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May 1990

Eosinophilic Fasciitis: Increased Collagen Production and Type I Procollagen Messenger RNA Levels in Fibroblasts Cultured From Involved Skin

Author Affiliations

From the Departments of Dermatology and Biochemistry and Molecular Biology, Jefferson Medical College, Philadelphia, Pa (Drs Kähäri and Uitto); the Department of Medical Biochemistry, University of Turku (Finland) (Dr Heino); and the Departments of Internal Medicine (Dr Niskanen) and Dermatology (Dr Fräki), University of Kuopio (Finland).

Arch Dermatol. 1990;126(5):613-617. doi:10.1001/archderm.1990.01670290057008

• Two patients with eosinophilic fasciitis were studied to elucidate the activation of collagen production in this disorder. Histologic examination of biopsy specimens from the involved area of skin revealed the presence of inflammatory cell infiltrates and various degrees of collagen accumulation in the dermis, subcutis, fascia, and underlying muscle. Fibroblast cultures initiated from the involved skin exhibited 2.0- to 3.7-fold increased collagen production when compared with control fibroblast cultures established from the uninvolved skin of the same patients. Eosinophilic fasciitis fibroblasts also displayed 2.4- to 6.2-fold higher steady-state levels of type I procollagen messenger RNA than did the control cells, indicating pretranslational activation of type I procollagen gene expression. In addition, cellular fibronectin messenger RNA steady-state levels were elevated 1.9- to 3.3-fold in eosinophilic fasciitis fibroblasts. These results suggest that fibroblasts in the involved skin of patients with eosinophilic fasciitis exhibit an activated phenotype, similar to that of scleroderma fibroblasts, leading to accumulation of collagen in the skin and the underlying structures.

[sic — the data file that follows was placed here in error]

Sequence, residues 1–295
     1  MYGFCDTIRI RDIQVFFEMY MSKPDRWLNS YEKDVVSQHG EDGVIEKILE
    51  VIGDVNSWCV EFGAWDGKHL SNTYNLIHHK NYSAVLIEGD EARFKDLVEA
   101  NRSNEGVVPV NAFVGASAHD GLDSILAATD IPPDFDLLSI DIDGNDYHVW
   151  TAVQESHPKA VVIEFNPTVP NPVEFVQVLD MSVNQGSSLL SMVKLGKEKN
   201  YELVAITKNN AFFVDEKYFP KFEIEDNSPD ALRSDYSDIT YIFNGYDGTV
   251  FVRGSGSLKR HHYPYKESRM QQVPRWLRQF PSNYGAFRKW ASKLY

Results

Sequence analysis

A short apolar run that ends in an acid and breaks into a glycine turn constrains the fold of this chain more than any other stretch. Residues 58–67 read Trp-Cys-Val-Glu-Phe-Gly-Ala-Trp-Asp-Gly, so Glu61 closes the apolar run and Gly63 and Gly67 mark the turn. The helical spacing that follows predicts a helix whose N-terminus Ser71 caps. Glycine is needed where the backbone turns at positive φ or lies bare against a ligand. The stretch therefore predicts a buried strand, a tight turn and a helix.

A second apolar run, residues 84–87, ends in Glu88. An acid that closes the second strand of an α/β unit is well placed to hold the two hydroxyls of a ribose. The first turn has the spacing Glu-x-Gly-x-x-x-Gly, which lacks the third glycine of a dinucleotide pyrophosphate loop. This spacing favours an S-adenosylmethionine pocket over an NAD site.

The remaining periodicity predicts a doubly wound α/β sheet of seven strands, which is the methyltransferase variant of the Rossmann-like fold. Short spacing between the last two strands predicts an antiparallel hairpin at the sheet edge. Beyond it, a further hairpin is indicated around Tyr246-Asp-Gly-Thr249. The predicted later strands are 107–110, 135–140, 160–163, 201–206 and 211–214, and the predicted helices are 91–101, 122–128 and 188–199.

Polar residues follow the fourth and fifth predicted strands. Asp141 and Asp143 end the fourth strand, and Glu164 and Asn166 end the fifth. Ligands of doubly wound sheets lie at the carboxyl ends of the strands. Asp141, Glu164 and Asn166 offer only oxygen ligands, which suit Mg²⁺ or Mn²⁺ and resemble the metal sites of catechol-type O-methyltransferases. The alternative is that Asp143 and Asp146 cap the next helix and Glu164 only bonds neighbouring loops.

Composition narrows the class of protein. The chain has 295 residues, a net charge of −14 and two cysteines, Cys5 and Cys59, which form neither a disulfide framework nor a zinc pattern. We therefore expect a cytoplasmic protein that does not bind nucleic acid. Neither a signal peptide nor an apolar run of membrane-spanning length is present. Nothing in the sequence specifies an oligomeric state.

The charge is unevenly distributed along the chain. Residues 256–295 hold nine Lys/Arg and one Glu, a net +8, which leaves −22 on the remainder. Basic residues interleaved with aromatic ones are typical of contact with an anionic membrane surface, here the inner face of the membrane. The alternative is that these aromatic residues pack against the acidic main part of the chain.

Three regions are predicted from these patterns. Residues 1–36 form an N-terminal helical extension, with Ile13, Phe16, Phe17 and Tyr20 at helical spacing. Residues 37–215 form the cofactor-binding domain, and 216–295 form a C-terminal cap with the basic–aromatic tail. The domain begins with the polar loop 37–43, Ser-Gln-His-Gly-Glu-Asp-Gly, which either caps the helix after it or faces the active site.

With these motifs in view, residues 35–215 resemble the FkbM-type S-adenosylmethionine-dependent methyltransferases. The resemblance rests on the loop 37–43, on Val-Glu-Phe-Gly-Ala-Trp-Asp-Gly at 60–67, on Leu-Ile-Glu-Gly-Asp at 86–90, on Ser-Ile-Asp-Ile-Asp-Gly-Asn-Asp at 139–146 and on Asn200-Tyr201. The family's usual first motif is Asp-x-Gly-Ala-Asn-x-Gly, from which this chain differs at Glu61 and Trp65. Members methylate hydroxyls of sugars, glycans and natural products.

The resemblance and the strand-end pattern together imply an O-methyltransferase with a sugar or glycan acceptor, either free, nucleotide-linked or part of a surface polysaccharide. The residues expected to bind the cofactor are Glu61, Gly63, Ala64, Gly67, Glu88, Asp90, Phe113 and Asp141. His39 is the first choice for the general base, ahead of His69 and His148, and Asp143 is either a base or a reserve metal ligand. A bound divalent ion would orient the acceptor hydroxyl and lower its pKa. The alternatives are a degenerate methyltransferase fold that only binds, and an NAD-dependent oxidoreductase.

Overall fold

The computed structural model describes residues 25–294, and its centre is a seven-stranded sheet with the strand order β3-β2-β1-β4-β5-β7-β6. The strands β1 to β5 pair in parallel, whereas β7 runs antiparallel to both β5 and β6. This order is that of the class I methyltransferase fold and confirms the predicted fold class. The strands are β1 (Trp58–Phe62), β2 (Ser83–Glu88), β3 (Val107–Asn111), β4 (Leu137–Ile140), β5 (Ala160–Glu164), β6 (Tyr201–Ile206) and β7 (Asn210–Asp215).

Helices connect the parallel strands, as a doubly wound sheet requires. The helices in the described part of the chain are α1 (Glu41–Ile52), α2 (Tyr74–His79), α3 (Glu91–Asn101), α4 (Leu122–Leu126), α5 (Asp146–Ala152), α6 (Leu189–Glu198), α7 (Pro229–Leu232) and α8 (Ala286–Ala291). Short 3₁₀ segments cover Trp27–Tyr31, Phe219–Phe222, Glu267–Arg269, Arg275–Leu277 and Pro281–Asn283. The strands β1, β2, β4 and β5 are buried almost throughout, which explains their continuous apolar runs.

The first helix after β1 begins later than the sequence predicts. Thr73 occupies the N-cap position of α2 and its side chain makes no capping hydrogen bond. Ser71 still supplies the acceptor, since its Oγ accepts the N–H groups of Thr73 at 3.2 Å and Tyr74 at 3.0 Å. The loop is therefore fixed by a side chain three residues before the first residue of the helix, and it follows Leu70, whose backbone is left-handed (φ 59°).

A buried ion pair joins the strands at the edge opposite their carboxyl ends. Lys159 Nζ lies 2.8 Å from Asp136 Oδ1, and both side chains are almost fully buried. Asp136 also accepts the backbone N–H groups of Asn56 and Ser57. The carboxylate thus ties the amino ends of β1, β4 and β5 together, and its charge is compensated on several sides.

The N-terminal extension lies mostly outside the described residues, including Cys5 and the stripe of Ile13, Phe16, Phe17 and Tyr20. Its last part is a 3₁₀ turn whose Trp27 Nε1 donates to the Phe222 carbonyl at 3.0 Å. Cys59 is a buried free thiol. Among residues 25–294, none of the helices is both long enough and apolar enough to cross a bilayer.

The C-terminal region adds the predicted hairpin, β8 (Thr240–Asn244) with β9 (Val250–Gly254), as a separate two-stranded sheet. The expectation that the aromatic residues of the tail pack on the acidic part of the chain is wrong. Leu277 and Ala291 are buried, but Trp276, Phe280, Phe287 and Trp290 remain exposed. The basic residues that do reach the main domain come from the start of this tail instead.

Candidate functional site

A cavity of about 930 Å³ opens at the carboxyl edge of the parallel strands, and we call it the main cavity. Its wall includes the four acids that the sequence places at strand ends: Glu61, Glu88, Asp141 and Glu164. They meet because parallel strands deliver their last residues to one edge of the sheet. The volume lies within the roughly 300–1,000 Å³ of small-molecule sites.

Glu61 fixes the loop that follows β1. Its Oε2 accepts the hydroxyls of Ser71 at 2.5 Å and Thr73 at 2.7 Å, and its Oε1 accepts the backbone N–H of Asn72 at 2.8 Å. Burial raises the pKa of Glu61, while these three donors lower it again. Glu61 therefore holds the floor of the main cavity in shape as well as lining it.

(Arch Dermatol. 1990;126:613-617)

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